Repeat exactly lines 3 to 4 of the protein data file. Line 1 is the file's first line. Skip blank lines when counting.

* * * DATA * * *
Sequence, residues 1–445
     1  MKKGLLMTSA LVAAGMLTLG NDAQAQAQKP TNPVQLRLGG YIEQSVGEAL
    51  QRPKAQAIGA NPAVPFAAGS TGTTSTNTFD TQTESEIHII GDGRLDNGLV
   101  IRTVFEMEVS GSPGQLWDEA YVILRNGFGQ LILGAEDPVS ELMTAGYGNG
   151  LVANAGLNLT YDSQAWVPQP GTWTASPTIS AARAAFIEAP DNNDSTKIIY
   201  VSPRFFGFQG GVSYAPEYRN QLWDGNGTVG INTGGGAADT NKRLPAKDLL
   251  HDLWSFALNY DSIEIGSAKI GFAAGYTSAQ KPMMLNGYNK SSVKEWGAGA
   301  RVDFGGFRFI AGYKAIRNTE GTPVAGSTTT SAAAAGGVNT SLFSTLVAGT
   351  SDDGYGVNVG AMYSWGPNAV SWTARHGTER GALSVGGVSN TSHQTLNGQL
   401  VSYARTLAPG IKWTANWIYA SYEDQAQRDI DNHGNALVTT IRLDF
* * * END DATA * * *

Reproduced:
    51  QRPKAQAIGA NPAVPFAAGS TGTTSTNTFD TQTESEIHII GDGRLDNGLV
   101  IRTVFEMEVS GSPGQLWDEA YVILRNGFGQ LILGAEDPVS ELMTAGYGNG